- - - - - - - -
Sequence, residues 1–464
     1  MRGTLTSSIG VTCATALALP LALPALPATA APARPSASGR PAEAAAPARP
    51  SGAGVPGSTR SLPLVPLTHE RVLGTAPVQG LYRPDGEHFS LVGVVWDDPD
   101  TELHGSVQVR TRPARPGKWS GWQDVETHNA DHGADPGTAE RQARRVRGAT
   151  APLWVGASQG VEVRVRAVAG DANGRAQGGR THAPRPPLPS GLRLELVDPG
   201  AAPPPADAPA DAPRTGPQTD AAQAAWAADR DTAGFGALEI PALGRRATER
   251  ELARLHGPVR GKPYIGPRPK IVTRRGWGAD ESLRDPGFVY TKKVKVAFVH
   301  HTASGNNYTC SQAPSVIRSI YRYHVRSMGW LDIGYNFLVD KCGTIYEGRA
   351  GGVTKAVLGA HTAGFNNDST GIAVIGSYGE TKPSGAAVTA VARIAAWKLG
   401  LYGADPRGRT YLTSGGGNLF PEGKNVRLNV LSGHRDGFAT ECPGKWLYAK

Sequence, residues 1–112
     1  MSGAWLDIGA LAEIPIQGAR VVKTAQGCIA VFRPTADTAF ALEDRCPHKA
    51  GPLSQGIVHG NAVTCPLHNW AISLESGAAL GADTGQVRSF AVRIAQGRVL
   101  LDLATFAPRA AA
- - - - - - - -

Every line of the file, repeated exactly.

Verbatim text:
Sequence, residues 1–464
     1  MRGTLTSSIG VTCATALALP LALPALPATA APARPSASGR PAEAAAPARP
    51  SGAGVPGSTR SLPLVPLTHE RVLGTAPVQG LYRPDGEHFS LVGVVWDDPD
   101  TELHGSVQVR TRPARPGKWS GWQDVETHNA DHGADPGTAE RQARRVRGAT
   151  APLWVGASQG VEVRVRAVAG DANGRAQGGR THAPRPPLPS GLRLELVDPG
   201  AAPPPADAPA DAPRTGPQTD AAQAAWAADR DTAGFGALEI PALGRRATER
   251  ELARLHGPVR GKPYIGPRPK IVTRRGWGAD ESLRDPGFVY TKKVKVAFVH
   301  HTASGNNYTC SQAPSVIRSI YRYHVRSMGW LDIGYNFLVD KCGTIYEGRA
   351  GGVTKAVLGA HTAGFNNDST GIAVIGSYGE TKPSGAAVTA VARIAAWKLG
   401  LYGADPRGRT YLTSGGGNLF PEGKNVRLNV LSGHRDGFAT ECPGKWLYAK

Sequence, residues 1–112
     1  MSGAWLDIGA LAEIPIQGAR VVKTAQGCIA VFRPTADTAF ALEDRCPHKA
    51  GPLSQGIVHG NAVTCPLHNW AISLESGAAL GADTGQVRSF AVRIAQGRVL
   101  LDLATFAPRA AA